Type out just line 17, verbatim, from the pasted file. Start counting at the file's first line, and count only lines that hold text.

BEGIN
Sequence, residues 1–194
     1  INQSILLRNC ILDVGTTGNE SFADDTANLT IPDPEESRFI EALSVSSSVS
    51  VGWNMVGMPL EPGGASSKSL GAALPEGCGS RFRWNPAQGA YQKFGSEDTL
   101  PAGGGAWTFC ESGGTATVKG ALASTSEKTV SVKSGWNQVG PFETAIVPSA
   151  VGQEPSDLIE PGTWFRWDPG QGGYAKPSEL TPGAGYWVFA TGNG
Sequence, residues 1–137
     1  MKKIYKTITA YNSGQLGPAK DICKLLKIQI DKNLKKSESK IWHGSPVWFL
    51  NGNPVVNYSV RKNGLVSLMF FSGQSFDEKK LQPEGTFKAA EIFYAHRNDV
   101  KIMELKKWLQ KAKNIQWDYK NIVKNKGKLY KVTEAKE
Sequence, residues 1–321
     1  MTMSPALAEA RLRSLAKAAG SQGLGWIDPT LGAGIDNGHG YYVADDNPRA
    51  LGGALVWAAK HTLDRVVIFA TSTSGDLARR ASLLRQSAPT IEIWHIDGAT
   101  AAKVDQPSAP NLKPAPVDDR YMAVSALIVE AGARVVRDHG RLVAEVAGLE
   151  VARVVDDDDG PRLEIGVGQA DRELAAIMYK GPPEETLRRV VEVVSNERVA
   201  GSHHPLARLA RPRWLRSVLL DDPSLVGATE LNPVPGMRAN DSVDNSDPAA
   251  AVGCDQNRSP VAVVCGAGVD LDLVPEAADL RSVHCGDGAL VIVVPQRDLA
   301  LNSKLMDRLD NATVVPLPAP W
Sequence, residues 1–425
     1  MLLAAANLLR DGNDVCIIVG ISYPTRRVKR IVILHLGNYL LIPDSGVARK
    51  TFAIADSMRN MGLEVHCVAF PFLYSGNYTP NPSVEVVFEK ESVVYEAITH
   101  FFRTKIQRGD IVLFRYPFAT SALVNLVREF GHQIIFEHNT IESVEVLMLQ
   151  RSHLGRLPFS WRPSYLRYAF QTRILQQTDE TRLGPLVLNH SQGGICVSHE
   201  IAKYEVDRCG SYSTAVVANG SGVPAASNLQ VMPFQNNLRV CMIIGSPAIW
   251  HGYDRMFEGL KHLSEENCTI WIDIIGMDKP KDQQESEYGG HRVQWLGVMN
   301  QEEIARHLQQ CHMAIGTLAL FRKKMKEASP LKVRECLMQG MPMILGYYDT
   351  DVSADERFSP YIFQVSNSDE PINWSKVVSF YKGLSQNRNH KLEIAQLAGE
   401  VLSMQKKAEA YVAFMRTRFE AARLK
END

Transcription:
   301  LNSKLMDRLD NATVVPLPAP W